Monday, July 1, 2013

These Are Our Dream Cars

No use trying to clean this, she'll just keep kicking me
Kids, as you probably are aware by now, are an inquisitive bunch. But if you ever feel like your kids aren't asking you enough questions on a given day, just take them to drop the car off at the shop with your spouse. Then be prepared to answer the following, at a minimum:

Where are we going?
Well then where is Mom going?
Why is Mom driving a different car?
How is Mom getting home?
How will the other car get home?
When will the other car get home?
Will Mom be there when we get there?
Are we going to beat Mom there?
Why can't Mom go in the same car as us?
Why is the car sick?
Will Mom stay all night with the sick car?
Will Mom fix the car?
Can I have a juice box?
Are they going to fix the radio?

Repeat the above list once for each speaking child in the household.

The last question may be a bit specific to our gang, since we have one car with satellite radio and one without. Every time we take the latter to get an oil change or tune-up, it is assumed among the younger set that the [terrestrial] radio will be "fixed" because "it sounds like the radio is blowing its nose." That's before we even travel through the barren radio wasteland of the Pennsylvania Turnpike between Harrisburg and Pittsburgh, when it sounds like the radio has incurable sleep apnea.

The cars in question at our house are a crossover (healthy, with satellite radio) and minivan (sick, though not "sick" in a twenty-something good way, with terrestrial radio, creaky brakes, and one remote-controlled automatic sliding door that doesn't automatically slide anymore.)

Yes, we own a minivan. The great necessary evil in families of five or more. I have nothing to add to the whole van discourse other than my Liechtensteinian neutrality. We have one minivan, and it is absolutely vital to carrying three kids and all their stuff while keeping them at arms length from each other. We don't pretend it's cool, but we do recognize that without it, we'd have needed to give one of our kids away by now. Those who go out of their way to remind me they'd never be seen alive in a minivan, it's been noted. More than once. You're welcome to sit in the back; the windows are tinted so dark, nobody can see you anyway.

That said, when child number three arrived, I had every opportunity to turn us into a two-van household, and I shied away from it. There's no need for two minivans in this family any more than there is for two rotary telephones. (The fact that we bought our first van three months before our first child was born in retrospect seems steeped in paranoid over-preparation. We had a minivan before we had a bassinette. So we could transport baby home uber-safely, then make her sleep on the couch.)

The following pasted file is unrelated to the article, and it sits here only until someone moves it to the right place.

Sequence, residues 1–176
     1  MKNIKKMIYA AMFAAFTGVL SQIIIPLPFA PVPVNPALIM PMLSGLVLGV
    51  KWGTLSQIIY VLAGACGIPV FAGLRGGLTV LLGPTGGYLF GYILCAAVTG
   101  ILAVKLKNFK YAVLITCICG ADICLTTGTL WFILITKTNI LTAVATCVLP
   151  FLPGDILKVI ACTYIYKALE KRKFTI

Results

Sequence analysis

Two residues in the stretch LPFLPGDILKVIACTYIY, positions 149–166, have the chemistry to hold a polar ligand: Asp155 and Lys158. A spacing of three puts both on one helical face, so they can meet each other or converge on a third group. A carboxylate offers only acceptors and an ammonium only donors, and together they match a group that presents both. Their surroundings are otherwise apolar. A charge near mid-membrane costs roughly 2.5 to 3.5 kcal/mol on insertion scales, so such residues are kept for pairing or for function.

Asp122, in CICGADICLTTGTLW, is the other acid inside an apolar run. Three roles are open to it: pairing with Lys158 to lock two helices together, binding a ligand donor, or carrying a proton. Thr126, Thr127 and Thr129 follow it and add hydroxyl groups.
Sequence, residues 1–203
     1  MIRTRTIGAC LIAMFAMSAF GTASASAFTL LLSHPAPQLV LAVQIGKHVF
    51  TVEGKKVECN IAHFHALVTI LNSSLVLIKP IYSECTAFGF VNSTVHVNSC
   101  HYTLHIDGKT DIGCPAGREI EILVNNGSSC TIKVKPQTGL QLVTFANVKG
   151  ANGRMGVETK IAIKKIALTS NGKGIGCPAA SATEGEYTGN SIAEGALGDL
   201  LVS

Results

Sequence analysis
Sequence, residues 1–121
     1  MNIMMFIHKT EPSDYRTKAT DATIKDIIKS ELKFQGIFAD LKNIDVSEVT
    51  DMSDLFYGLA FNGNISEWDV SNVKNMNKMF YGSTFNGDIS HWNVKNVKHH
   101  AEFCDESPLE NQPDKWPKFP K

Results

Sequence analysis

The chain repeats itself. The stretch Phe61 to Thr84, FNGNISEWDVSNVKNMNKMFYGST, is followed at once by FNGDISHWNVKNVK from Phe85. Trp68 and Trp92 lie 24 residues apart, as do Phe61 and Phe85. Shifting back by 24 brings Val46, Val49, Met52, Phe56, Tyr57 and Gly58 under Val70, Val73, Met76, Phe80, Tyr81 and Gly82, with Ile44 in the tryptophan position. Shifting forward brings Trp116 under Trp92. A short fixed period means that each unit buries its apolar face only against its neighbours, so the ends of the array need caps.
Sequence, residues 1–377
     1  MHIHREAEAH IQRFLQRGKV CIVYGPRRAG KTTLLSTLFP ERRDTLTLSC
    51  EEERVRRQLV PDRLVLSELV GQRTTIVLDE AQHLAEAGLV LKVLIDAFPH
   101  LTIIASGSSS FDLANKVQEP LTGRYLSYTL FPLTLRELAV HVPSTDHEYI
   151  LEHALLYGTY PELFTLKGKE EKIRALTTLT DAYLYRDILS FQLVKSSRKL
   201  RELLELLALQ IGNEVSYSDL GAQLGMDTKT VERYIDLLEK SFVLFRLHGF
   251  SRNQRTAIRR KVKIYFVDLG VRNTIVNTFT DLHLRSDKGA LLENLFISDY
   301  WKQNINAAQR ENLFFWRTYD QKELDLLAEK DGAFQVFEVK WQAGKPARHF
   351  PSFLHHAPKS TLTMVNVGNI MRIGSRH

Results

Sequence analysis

Instead, we got a "crossover," a vehicle that reinforces the feeling you're still really cool but without all the uncool things now associated with an SUV, like tipping over on highways and embarrassingly low gas mileage. The primary downsides to a crossover are the dirty seat factor from when your daughter tramps through her fairy garden right before entering (see above) and the too-much-togetherness factor, especially when we put the two boys next to each other, and even more now that the 1-year-old is nuanced enough to pester the bejeezus out of his older brother by kicking his arm gently while he tries to maneuver his LeapPad. Therefore, we use the crossover for local trips only, and we usually keep the youngest home on those trips, just to keep tempers under control.

Neither of these would be what most consider a "dream car," but when you grow up like I did not knowing a crankshaft from...uhhh...any other important car part, you don't really care what you end up driving, as long as your kids are safe and you can get to Point B without too much worry, especially when Point B is home. You don't need to go from 0 to 60 in any specific amount of time. Even the backs of our cars are pretty expensive logos, no stick family lined up neatly in height order, no destination ovals, no tributes to dead relatives, no precocious boy urinating on a rival's insignia. None of that makes a car a dream car. Just satellite radio, so the radio can breathe a little, that's all anybody's asking for.

The three car-seat alignment...1-year-old (backwards) on left, where he can kick 3-year-old (middle) while 6-year-old plays with her window control

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